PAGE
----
Jugend forscht Berlin – Produced by students of the Dekra Hochschule Berlin – Interview: Professor Seliger.
People encounter the word “sustainability” in diverse contexts and with various different meanings. Together with the growing indistinctness of this term, also the awareness of the concrete challenges of sustainability in our areas of living begins to blur. Although the topic is firmly anchored in their curricula, even German pupils hardly know how to cope with the term. This is particularly true for elementary economic and technological questions of sustainability, as first studies from the cross-sectional project “Public Awareness” have shown.
The conclusion: In contrast to the blurry rhetoric of sustainability, the down to earth matters of the approach do not reach people sufficiently – despite the fact that the success of a global sustainable development depends on the participation of the majority.
The scientists of the public awareness project examine people’s teaching and learning behaviour regarding sustainability issues. With the results, target group specific teaching material on sustainable manufacturing will be developed and evaluated by the team. The material will be made available free of charge on a teaching and learning platform, once they have reached maturity.
A particular focus has been set by the scientists on the method of “learning by disassembly” to convey the multiple interrelations between technology, resource consumption and manufacturing in global value creation networks. For example, taking apart a mobile phone in combination with games for the identification of raw materials can help pupils understand, how much and many resources are needed for modern everyday products – and thus opens up their view for the challenges of sustainable manufacturing. First test runs have shown the great fascination that lies within the subject for young people. It is this special interest of the youth to shape the futurethat the project wants to encourage and make use of.
While PA as a cross-sectional project carries out classical public relations activities with different target groups for sustainable manufacturing, it scientifically concentrates on the stakeholders of the next generation: Children and youths. First studies have shown that pupils at elementary level have almost no idea of the term sustainability yet, although it is anchored as teaching content in the schools curricula. Up to 7th grade only the ecological dimension of sustainability seems to beaddressed at school without referring to the interconnectedness with the economic and social dimensions.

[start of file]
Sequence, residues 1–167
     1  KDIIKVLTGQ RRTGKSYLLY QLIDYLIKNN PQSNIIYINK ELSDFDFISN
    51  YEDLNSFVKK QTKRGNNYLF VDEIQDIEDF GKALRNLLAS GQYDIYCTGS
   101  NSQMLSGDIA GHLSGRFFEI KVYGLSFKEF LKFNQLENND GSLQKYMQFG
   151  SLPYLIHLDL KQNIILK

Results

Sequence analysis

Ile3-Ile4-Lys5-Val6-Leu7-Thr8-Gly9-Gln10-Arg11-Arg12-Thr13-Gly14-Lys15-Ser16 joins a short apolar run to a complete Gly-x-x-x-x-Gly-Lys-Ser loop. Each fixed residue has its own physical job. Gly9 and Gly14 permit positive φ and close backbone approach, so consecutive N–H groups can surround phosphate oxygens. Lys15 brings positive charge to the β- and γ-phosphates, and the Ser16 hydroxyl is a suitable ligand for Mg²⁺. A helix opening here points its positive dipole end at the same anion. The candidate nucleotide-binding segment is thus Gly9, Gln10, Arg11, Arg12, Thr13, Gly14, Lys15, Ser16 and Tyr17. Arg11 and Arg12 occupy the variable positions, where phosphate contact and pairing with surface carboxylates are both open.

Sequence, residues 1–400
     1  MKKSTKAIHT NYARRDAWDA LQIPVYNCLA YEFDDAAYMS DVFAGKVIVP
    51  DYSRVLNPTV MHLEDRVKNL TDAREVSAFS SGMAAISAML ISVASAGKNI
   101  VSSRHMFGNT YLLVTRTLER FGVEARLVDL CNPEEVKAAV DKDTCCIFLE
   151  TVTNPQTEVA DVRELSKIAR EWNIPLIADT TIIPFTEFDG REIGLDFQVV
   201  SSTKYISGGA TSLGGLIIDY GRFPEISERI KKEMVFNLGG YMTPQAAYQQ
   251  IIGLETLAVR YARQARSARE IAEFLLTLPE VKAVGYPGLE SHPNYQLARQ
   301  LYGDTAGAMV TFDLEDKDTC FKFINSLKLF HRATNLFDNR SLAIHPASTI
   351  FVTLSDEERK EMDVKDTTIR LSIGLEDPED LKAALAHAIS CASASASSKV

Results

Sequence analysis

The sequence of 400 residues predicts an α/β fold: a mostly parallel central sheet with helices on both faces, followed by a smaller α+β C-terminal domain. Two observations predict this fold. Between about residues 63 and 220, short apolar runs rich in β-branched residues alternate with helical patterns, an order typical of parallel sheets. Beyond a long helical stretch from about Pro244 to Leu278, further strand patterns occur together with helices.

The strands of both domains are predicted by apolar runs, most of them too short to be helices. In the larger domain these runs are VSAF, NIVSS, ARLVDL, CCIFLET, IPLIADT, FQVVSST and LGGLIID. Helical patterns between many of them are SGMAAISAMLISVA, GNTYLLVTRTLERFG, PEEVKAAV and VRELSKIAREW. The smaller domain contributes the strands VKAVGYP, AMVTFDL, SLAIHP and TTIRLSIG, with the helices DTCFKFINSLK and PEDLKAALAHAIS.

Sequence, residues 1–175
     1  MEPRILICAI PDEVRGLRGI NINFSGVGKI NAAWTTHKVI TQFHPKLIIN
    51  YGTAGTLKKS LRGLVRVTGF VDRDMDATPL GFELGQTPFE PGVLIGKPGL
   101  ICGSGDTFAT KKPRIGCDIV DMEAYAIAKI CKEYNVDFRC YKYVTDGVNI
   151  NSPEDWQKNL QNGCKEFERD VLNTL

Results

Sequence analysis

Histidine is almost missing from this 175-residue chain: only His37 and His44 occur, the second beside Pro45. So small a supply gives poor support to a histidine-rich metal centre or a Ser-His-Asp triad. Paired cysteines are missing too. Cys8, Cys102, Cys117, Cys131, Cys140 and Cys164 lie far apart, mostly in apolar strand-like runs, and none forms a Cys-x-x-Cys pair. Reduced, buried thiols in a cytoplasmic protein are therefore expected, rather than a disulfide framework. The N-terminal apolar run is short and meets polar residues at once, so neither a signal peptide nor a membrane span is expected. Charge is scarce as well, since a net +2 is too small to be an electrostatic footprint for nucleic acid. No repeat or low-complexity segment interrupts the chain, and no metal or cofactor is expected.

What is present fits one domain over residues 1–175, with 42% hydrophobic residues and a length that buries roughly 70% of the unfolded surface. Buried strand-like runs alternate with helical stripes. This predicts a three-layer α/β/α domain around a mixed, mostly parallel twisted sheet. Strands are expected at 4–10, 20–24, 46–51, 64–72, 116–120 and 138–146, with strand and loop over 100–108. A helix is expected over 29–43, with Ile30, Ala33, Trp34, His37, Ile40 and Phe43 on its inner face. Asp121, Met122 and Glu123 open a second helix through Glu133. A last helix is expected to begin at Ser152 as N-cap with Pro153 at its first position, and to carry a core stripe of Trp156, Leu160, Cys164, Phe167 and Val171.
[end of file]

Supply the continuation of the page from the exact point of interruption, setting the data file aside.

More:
However, the understanding of sustainability grows with increasing age and educational level. In a survey of 9-19 year-olds with a distinctive educational background, more than 50 % of the participants could put a meaning to the word, although their understanding of its scope was often still very one-dimensional.
An analysis of so-called Open Educational Resources (OER) revealed, that for this exact target group the most numerous and most differentiated teaching materials are offered. A considerable lack of materials is obvious for nursery and elementary school children and youths with a low educational level. For all target groups it can be said that sustainable technologies and economical sustainability was almost non-existent in the OERs.
Regarding the teaching methods it became apparent that for elementary pupils project workshops had the greatest teaching success. Contents of textbooks and worksheets were forgotten after a short time, while the results of a project could be recalled in detail even several years after. In their private surroundings the interviewed children of all age groups primarily took their information from entertainment media, particularly television. The internet played a rather minor part.
As a consequence of these preliminary studies, PA develops teaching modules for the subject “Sustainable Production” with an emphasis on project workshops as primary teaching method and a multimedia approach for the theoretical contents. The first modules have been tried out at Girls’ Day 2013. It was obvious that “Learning by Disassembly” as a method with strong practical relevance can inspire older elementary schoolchildren to an enthusiastic engagement in sustainable production topics. With the dismantling of mobile phones and the identification of the contained raw materials the participants’ interest in global challenges such as resource consumption and sustainable technology could be awakened and strengthened.
- Girls‘ Day 2012: Light and Bright Experiments
- Long Night of Sciences 2012
- PMF group 2012/2013
- Jugend forscht 2013
- Girls’ Day 2013: Gold Rush in the Mobile Phone
- Green Day 2013: Experiencing Sustainable Research
- Jugend forscht 2014
- Girls’ Day 2014
- Teaching cooperation with Wilma Rudolph High School 2015
- Jugend forscht 2015
- Girls’ Day 2015